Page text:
The shifting action takes some getting used to, but in a good way. It’s so quick and precise and the taps on the paddles are so light I sometimes wonder if I’ve actually shifted. And with 11 cogs, the increments are so tiny it can be hard to tell. I’m getting a feel for it. Soon enough, cable-activated shifting will seem hopelessly klunky.

The biggest surprise was tires. I totally missed the memo on new tire technology…the bigger tires running at lower pressure. When did that happen? Back in my hammerhead days, I ran rock-hard 23s. For years I’ve been on Gatorskin 25s at around 100 psi, which I figured was my old man’s concession to comfort and durability. I was aware of the current thinking about running tires a little softer. But I didn’t realize how far along that path new bikes had traveled. 

And then there’s the question of tubes vs tubeless (with sealant). I read up on the pros and cons of each system. Tubes I know about. There are a lot of good things about the tubeless tires but some not-so-good things too. I decided I would go with 28s with tubes. (With these rims and tires, you can do either tubeless or tubes.) Okay, I admit it: I was maybe being a little old-school about all the new stuff.

But the bike I ordered came with tubeless 32s at 60 psi. 32s? Geez, it looks like a paperboy bike! Not what I thought I wanted. I could have spent some extra money and swapped those out. But hey, if the smart kids at Trek think tubeless 32s are the way to go, who am I to differ? I know zilch about these new technologies. I decided to go with what they specced and see how it all works. Either I’ll like it or I’ll switch to 28s—with or without tubes—when these tires wear out.

GHAnd then guess what: on my very first ride, I picked up a goathead thorn in my rear tire. I could hear it thumping along back there for a few yards before I stopped. When I pulled it out, the tiny hole sealed right up, just like it’s supposed to do, with little or no loss of pressure. With a tube, I would have been out there on a cold November afternoon, swapping out the tube…never one of my favorite chores. So round one to the tubeless tires! I still found a place on the swoopy new frame to mount a mini-pump…just in case.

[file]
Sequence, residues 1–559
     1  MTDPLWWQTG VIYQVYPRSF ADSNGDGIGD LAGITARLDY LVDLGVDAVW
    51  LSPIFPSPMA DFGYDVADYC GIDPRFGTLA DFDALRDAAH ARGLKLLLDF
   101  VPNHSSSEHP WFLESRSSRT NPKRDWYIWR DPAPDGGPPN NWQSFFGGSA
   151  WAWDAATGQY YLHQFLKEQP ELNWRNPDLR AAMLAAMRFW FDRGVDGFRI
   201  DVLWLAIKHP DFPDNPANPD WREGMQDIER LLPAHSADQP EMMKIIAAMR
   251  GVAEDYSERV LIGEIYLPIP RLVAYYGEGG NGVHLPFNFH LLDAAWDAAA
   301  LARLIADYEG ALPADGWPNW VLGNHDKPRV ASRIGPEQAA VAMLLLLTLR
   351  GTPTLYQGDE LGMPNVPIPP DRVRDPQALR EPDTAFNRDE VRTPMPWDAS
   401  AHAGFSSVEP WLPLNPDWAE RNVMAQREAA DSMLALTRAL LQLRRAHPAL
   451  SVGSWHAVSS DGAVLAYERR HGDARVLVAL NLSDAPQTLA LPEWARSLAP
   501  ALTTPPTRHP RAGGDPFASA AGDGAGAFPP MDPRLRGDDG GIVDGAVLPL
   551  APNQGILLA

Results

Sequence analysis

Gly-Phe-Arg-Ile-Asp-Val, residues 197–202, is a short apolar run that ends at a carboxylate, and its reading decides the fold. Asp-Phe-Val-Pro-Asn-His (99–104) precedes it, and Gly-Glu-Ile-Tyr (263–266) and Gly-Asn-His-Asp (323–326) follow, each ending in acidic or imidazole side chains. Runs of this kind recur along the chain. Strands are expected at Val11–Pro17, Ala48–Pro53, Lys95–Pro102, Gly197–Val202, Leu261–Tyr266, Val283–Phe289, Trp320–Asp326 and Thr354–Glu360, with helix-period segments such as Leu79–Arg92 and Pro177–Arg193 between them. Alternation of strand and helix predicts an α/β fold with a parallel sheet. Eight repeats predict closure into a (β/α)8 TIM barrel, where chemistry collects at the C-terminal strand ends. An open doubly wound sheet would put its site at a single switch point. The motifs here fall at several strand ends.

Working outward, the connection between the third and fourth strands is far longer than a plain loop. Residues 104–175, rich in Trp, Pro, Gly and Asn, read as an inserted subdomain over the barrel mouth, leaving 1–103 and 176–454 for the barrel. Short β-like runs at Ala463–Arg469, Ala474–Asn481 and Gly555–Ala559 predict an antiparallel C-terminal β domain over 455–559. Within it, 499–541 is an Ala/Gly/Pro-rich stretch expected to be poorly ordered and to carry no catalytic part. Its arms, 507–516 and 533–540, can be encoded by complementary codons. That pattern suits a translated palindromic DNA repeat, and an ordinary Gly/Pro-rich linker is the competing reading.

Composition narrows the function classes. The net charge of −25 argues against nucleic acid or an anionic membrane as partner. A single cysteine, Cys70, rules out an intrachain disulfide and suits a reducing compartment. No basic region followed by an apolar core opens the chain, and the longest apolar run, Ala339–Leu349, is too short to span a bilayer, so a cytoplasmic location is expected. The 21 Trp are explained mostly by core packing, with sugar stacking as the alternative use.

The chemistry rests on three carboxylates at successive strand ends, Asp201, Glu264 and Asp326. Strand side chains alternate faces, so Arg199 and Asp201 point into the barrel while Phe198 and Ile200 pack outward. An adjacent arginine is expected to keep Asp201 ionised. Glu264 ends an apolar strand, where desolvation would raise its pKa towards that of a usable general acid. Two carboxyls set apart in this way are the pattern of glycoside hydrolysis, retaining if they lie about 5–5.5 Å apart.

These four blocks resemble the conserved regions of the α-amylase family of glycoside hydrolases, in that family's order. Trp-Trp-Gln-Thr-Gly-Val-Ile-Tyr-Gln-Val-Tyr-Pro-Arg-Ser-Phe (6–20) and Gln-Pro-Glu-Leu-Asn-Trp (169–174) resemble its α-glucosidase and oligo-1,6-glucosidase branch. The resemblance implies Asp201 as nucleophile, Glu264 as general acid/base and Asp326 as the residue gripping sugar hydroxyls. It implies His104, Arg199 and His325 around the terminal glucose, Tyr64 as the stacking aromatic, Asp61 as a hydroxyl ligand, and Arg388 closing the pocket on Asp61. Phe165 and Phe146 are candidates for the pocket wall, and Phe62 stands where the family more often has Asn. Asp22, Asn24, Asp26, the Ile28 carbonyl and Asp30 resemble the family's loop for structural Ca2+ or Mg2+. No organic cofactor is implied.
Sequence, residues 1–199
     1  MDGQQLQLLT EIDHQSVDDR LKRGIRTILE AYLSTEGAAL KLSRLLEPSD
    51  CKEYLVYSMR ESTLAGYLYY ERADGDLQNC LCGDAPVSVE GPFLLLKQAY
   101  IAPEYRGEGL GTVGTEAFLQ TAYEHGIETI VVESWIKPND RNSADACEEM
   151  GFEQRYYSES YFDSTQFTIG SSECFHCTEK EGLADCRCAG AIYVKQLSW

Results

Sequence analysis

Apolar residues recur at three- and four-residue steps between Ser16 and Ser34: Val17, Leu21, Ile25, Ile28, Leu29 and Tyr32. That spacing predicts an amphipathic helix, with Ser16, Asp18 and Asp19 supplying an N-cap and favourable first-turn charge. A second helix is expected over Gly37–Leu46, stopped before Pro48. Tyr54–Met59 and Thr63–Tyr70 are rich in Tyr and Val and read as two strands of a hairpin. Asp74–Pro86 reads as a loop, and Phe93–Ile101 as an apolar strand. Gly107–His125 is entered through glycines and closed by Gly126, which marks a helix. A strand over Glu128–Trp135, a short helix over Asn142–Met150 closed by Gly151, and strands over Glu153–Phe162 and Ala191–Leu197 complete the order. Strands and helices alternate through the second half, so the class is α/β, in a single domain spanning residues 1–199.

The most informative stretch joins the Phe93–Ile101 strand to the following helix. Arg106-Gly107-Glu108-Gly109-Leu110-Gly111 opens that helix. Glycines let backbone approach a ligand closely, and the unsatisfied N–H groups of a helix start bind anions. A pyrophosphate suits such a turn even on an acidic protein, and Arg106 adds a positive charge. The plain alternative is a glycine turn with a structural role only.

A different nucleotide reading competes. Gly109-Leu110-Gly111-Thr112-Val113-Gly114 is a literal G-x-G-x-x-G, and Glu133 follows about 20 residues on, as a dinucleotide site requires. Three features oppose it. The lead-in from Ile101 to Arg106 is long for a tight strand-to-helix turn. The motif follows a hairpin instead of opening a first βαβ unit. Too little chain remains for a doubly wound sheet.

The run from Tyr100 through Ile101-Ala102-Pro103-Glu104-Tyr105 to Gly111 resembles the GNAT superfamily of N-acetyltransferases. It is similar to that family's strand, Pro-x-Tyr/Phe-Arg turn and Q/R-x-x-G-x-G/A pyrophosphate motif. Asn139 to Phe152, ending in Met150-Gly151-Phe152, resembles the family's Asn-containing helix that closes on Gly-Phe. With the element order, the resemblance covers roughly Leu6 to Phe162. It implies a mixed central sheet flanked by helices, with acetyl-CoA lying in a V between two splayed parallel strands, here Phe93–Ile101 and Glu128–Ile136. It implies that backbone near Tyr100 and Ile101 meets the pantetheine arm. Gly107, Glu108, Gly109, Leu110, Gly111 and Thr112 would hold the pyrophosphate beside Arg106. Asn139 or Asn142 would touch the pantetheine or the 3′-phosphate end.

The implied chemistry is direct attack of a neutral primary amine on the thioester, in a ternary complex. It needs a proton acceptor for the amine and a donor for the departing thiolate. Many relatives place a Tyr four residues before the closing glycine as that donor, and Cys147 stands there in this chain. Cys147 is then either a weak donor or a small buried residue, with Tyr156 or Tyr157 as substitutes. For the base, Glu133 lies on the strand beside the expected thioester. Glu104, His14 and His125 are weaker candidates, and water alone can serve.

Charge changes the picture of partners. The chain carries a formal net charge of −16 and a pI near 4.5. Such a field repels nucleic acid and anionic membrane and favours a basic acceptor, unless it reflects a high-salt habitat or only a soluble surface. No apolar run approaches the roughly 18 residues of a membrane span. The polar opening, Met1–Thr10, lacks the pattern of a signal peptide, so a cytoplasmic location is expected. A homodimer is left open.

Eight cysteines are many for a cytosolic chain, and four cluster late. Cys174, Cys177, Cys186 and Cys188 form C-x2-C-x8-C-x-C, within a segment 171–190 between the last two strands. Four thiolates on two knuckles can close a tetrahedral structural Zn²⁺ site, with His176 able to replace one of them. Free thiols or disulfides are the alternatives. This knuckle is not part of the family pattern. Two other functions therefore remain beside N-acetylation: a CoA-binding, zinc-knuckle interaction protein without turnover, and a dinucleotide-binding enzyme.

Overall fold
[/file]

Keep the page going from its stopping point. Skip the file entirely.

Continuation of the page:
There’s an old witticism that the bicycle is the last invention the average person could understand. That may not be the case anymore. Back a few years—quite a few years—I used to do all the work on my bikes. If you owned a bike, you worked on it. You did the maintenance that kept it happy. The bike was simple, analog technology even a halfwit could understand. The work was fun and satisfying. But my expertise as a mechanic hit a brick wall about the time they put the shifters in the brake hoods. And now? Hydraulic-driven disc brakes? Electronic, cable-less shifting? Tubeless tires filled with voodoo gumbo? I have no idea how to tinker with any of that and I would probably make things worse if I tried. All this clever innovation is neat but it comes at a cost, both financial and practical. This is of course true as well with our cars, our computers, our smart phones, our home appliances, how we listen to music or watch a movie, how we heat and power our homes. It is arguably a cleaner, greener, more efficient world, but we are now inextricably entangled with technology that most of us can’t hope to understand.

The bike and I are getting acquainted. It will take a while to find our comfort zone but we’re getting there. It may in fact be possible to teach an old dog new tricks. I had this happy little fantasy that the new bike would immediately improve my performance by 10 or 15%…that I could turn back the clock and be a little bit younger again. So far, that hasn’t happened. Some of that may be because I’m still healing up my injuries and still getting my fitness back after a long lay-off. But most of it is being 75 friggin’ years old. That clock is not getting turned back. But over this winter and into the new year, this time of promise and new beginnings, I hope the new bike and the old me will, if not turn back the clock, at least slow it down a little.

Bill can be reached at srccride@sonic.net